At EVE Fanfest 2012 last week, we sat down with CCP's recently appointed Chief Marketing Officer, David Reid, to talk about cloud gaming and the future of EVE Online.
I have a strong reason to suspect that David Reid, CCP's recently appointed Chief Marketing Officer, is the human incarnation of the energizer bunny. A week and a half ago - at EVE Fanfest - I had the opportunity to speak with David on CCP's big plans for 2012 and, even after eight straight hours of interacting with fans and press, he was still the most enthusiastic and energetic man at the venue. This also means that within a 15 minute interview, we managed to have an in-depth discussion on blending the DUST 514 and EVE Online communities, CCP's vision for cloud gaming, and a little bit of World of Darkness thrown in at the end. It's all fascinating, so let's get right into it!
ZAM: I'm here with David Reid, Chief Marketing Officer for CCP Games!
David Reid: Hello there!
ZAM: I guess we'll be mostly talking about DUST 514 today! One of the things that struck me about the way DUST 514 and EVE Online are being presented today is that it feels like you're trying to create a brand - EVE - as opposed to a singular game.
David: You got it! I don't even know if we could think of DUST 514 as a second game alongside EVE Online. At some level, it might be better to think of it all as... EVE being our first universe and World of Darkness will be our second. The idea is that people playing DUST on the PS3 are going to have a different experience but they too are in that single-shard universe of EVE Online.
ZAM: A lot of people consider the FPS console-based demographic and the EVE Online demographic to be polar opposites. You obviously considered these factors when creating this game. Did that ever go into influencing your design decisions?
David: Oh absolutely. Think about it this way: no game other than EVE has continued to grow every single year - since the tumble that World of Warcraft took in 2011 - and the reason why is two things. One is our continuous development of service and our consistency in adding new things and the second thing is that magic of being on a single shard. You and I may bump into each other at a bar, and we may discover that we both play RIFT or World of Warcraft or Star Wars: The Old Republic or what have you, and we may start talking about that, but we'd probably soon realize that we're not on the same servers, or the same factions, or even within the same level bands. We'll never see each other in the game.
ZAM: And you won't share the same experiences.
David: Exactly. In EVE, however, we share the same shard and the same world. So when you think about continuing to grow the EVE universe and bringing that awesome single-shard experience to players - all the drama, the politics, the economy, the sandbox - you're faced with two choices. One choice is to continually add more into the EVE Online client; to cram more into it while making it bigger and broader. Another choice is to say that we're going to build a client on a different platform for a different style of game. We're going to make the right client for the right platform that a different user can get involved with, and we're going to let them share in that shard. Together.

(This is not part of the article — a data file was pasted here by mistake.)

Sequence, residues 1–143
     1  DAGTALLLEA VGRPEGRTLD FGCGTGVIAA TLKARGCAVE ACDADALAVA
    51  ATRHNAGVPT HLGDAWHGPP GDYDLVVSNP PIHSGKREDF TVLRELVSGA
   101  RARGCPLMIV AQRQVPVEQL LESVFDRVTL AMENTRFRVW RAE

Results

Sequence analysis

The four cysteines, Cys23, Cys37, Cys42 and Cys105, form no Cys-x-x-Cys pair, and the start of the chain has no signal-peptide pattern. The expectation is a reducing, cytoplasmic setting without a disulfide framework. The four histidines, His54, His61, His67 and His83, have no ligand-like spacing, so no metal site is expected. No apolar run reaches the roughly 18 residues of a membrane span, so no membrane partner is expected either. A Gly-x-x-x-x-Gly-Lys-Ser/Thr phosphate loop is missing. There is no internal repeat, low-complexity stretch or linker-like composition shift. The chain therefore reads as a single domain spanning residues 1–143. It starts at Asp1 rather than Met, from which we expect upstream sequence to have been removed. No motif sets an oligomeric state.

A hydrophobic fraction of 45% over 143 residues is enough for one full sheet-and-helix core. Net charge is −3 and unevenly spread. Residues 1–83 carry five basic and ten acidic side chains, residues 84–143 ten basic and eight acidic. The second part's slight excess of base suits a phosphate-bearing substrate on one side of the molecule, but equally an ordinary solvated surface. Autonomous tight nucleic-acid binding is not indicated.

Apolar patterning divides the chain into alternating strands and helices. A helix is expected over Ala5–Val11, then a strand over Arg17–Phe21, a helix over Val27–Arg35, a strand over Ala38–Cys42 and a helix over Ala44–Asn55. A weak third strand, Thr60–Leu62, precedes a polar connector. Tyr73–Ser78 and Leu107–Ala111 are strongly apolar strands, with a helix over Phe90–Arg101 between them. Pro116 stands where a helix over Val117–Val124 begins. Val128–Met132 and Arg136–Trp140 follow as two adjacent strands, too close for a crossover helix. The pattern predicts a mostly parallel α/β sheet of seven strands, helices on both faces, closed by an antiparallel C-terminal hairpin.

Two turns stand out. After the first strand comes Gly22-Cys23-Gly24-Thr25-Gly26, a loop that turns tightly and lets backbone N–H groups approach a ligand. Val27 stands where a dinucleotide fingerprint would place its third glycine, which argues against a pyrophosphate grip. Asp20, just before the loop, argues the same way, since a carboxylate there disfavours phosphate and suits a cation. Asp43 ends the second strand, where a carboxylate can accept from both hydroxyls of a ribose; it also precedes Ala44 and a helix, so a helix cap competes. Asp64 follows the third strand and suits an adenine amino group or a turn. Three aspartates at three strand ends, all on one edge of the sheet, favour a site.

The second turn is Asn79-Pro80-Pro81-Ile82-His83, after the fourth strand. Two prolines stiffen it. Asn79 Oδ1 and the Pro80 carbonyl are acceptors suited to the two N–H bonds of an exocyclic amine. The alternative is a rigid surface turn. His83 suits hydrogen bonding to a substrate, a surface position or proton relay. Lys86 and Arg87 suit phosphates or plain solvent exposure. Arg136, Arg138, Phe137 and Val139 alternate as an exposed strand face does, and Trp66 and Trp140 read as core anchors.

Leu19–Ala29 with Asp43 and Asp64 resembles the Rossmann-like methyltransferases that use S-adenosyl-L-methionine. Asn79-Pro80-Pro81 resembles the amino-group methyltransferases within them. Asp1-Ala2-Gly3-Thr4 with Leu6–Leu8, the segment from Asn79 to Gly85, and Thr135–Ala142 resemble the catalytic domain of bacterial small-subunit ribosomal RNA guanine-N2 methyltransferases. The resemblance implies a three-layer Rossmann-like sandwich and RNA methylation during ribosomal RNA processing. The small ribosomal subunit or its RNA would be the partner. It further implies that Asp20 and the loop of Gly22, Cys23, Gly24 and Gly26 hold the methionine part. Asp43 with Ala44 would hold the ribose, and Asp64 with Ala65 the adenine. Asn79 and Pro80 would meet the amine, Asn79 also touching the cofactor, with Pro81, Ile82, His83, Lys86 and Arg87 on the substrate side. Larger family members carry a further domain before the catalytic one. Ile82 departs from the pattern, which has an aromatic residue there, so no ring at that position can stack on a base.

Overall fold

We heard from the community last year, "Don't screw up EVE Online. We like what we have here. Add things, that's fine, but don't screw up the core gameplay." With DUST 514, what we're saying is that we want to bring more people into this universe; we want to do it in a way that is accessible and doesn't have the legendary learning cliff that EVE Online does. What's more accessible to a gamer than a first-person shooter? And from there, players will start learning about persistence and how things change in the EVE Universe; learning about the single shard and taking contracts from a guy in EVE Online. But wait a minute! That's a real person! Soon you'll be chatting with him on your PS3 while he's on his PC and you'll be doing deals, planning for galaxy domination, and then you'll meet up in real life, and then you'll you go to Fanfest, and then you'll get a tattoo.
ZAM: So rather than shifting the focus of your core game experience, which what a lot of MMOs tend to do when they want to pull in a new demographic...
David: We know one science-fiction game which did that in a spectacular way with Star Wars: Galaxies. And I think we flirted with our own little New Game Enhancement (NGE) experience to some extent with Incarna. But we heard, loud and clear, from a very impassioned group of people, "Don't screw up EVE." EVE is magic. There is something about it that has just continued to defy gravity all these years, and it is up to us to not mess that up. If we can find ways to bring people in who are used to different play patterns, different platforms, different business models, and we let them be a part of the magic of the single shard, we think that's the road going forward for the company and maybe the industry in general.